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9 Responses to Reckoning with the American future

  1. Wyrd Smythe says:

    The ugly thing is that this sort of corrupt and repugnant behavior has always been a part of the human experience. Truly, it was “ever thus,” but what makes it different (at least to my eyes) now is the sheer scope and power of human operations these days. The greatest evil way back then had a fairly local effect, both in geography and in time.

    But as our tools became more powerful, and our systems more interdependent and interconnected, our ability to wreak havoc grew and grew. It seems astonishing that we could fuck up the entire planet, but, sure enough, we’re well along the way to doing that (and some feel we’ve passed the tipping point).

    And you’re completely right that it’s unsustainable. Something will happen to upset the apple cart and (to mix metaphors shamelessly) all the blocks will come tumbling down. There really isn’t any “if” anymore… just “when”.

    A disturbing trend I’ve noticed recently is that wealth is isolating and protecting itself more and more. On some weird level, maybe this isn’t entirely egregious… it might insure some survive the coming fall. On the other hand…. damn!

    The trick to sanity, I think, is finding the other things, the positive things in life that give you joy. Some people do it by, as you say, refusing to engage to much on topics that are beyond their control. (And, of course, people will always resent you for forcing them to face topics they know to be true but don’t want to face. My posts about violence in media are the most under-read, under-commented of any of my posts.)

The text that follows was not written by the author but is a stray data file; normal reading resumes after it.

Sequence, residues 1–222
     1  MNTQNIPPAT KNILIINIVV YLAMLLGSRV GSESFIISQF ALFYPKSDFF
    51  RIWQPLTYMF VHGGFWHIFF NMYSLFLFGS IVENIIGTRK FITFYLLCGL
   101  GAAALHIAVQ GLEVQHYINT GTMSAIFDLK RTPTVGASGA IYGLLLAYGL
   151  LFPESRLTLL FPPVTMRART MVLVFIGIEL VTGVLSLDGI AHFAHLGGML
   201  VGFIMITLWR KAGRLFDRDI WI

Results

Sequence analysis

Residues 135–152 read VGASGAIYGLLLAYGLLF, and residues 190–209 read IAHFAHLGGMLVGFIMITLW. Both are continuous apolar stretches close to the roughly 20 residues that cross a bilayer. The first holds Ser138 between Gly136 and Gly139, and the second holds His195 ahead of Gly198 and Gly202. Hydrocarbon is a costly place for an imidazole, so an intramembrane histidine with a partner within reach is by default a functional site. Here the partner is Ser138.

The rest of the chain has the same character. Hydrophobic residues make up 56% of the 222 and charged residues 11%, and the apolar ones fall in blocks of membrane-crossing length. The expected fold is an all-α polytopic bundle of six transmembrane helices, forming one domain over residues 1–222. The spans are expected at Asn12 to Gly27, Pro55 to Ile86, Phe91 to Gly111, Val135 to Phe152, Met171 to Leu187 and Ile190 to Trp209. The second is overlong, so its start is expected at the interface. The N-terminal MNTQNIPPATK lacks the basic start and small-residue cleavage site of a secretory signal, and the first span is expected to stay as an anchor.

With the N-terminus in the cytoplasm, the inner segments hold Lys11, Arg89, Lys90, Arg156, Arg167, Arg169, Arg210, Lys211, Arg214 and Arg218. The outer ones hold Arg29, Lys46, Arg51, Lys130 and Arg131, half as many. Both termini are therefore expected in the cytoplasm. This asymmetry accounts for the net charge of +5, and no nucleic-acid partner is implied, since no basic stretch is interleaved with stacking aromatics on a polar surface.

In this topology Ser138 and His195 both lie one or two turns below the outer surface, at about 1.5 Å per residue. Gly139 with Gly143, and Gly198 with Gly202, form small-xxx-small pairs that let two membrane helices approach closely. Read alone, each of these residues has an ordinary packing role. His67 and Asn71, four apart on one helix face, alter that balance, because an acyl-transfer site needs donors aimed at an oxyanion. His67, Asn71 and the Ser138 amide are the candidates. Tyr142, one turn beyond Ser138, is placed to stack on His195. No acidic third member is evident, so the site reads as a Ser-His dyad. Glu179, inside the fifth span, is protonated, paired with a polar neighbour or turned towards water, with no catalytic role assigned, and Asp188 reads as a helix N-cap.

What’s that prayer about ‘give me the strength to change what I can and courage to deal with what I can’t and the wisdom to know the difference’? Something like that. What else can we do?

    • Byenia says:

      Good comment, Wyrd. And I don’t know what exactly any one of us can do. I just know that I feel like I need to be doing more. It’s been striking me as a spiritual issue by this point, by and large. Because honestly I think it’s gonna suck either way we go from here on out. There’s no way to fix this system, because it’s all gone global and is too complex of a tangled web. The political route is totally corrupted so trying to effect change going through the “proper channels” is a complete waste of time, IMO. But still, I feel the need to reach out in some way to others. It’s something I’m going to have to keep pondering on…

      • Wyrd Smythe says:

        And, of course, we totally should do those things that move us (so long as they are positive and affirming). As you say, the question is what and how.

        I’m reminded of a bit in M*A*S*H (the TV show) where someone (I think it’s Hawkeye), in answer to being told, ‘You can’t fix the world!’ agrees and says he is only trying to make his little corner better, because that is possible. And the more people that do that, the better the world becomes.

        I know a blogger who lives in Canada who is deeply (life’s mission deeply) into charity work. She even started a second blog (her primary being a more traditional personal account blog) devoted to advice for charity organizations — dos and don’ts and other tips. These are based on her years working in such organizations.

        She’s not a ‘big picture’ person at all — not inclined to discuss or write or think about global issues. (She even acknowledges that maybe she sees the world through rose-colored glasses. She’s a hugely upbeat person — almost annoyingly so. Almost. 🙂 ) She just tries to make her little corner better, and she urges others to that path. That seems to be a way to be as engaged as you can stand without losing your sanity, and it seems to offer a path where one can do some visible good.